Ohio Attorney General Yost files for 6-week abortion ban as Roe is overturned

Advocates pledge renewed fight for abortion access

By: and - June 24, 2022 11:00 pm

WASHINGTON, DC – JUNE 24: Abortion-rights activist Jamie McIntyre reacts to the 6-3 ruling in Dobbs v. Jackson Women’s Health Organization which overturns the landmark abortion Roe v. Wade case in front of the Supreme Court on June 24, 2022 in Washington, DC. The court eliminated the constitutional right to an abortion after almost 50 years. (Photo by Nathan Howard/Getty Images)

Ohio Attorney General Dave Yost. (Photo by Justin Merriman/Getty Images)

As Ohio Attorney General Dave Yost filed court motions to enact Ohio’s six-week abortion ban, a motley bunch of protesters gathered near the Ohio Statehouse on Friday in a tiny sliver of shade cast by the William McKinley statue.

They held signs declaring “abortion is healthcare” or “abortion is a human right.” Another read “our democracy, it is broken.”

Cheri Wells stood next to her one-year-old daughter, Lux, who was strapped into a stroller.

“I brought my daughter down here because this absolutely has everything to do with her, too,” she said.

“It’s taking away her rights to overturn Roe vs. Wade, as well,” she said. “I mean, it’s all about controlling women, period.”

Advocates surge ahead

Advocacy groups and leaders for and against abortion spoke out on the U.S. Supreme Court’s ruling overturning the nationwide right to abortion included in Roe v. Wade.

Religious and anti-abortion groups praised the decision that overturned abortion legalization that had been in place since the early 1970s, and continued their push for prohibitions in Ohio.

“Ohio Right to Life encourages our pro-life legislative majorities and Governor DeWine to be ambitious and end abortion once and for all in our great state,” said anti-abortion lobby Ohio Right to Life’s president Michael Gonidakis.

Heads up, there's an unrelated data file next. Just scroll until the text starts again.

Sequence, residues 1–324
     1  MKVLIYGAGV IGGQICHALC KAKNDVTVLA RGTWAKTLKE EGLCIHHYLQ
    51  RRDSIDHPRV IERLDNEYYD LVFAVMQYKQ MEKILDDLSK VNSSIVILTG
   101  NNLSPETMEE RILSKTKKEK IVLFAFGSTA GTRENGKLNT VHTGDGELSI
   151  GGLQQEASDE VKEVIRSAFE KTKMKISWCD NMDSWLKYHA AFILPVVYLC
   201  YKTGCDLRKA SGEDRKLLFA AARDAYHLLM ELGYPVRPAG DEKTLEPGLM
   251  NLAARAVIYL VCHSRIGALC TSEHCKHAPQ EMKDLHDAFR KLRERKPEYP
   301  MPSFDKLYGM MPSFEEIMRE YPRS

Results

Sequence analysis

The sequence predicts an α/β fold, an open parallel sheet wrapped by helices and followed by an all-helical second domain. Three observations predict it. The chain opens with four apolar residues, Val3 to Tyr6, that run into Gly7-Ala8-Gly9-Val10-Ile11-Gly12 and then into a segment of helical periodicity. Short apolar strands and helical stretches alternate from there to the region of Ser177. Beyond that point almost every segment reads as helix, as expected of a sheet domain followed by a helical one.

The anti-abortion groups have state leaders on their side, as Gov. Mike DeWine promised backing for the six-week ban that has been tied up in federal court, and Attorney General Yost put the wheels in motion for that ban to become effective.

In a motion filed less than an hour after the Dobbs decision was released by the U.S. Supreme Court, Yost’s office asked to dissolve the injunction that kept the state abortion ban from going into effect in 2019 when it was passed by the Ohio General Assembly.

“Because there exists no just reason for delay, defendants respectfully request this court immediately dissolve the preliminary injunction and dismiss this case,” Yost wrote in the motion to the U.S. District Court for the Southern District of Ohio.

Later Friday night, a court granted the motion, and Gov. Mike DeWine signed an executive order permitting the Ohio Department of Health to set rules for the law.

Those in the pro-abortion realm are not sitting on their laurels after the much-anticipated decision came through.

In a Friday afternoon press call, members of Planned Parenthood of Ohio said while the ruling had been expected, even before a draft opinion leaked to the public, the results were no less devastating.

“Ohioans should not have to figure out how to safely provide health care for themselves,” said Iris Harvey, president and CEO of Planned Parenthood of Greater Ohio. “It’s an attack on your rights, an attack on your privacy and your freedom.”

Though abortion is now legal at six weeks rather than 20 weeks after a missed period, pro-abortion advocates maintained a message that until a court rules or another ban is put in place, abortion is still legal in the state of Ohio.

Case Western Reserve University law professor Jessie Hill, who has worked on cases defending reproductive rights, said there “are still legal moves to be made” and lawyers intend to continue pursuing options.

One way in which Hill said abortion advocates can move forward is by giving advice that is protected under the First Amendment.

“The state can not, as a general matter, ban truthful, factual information,” Hill said.

Working within the state’s legal system is also in the playbook to keep abortion legal.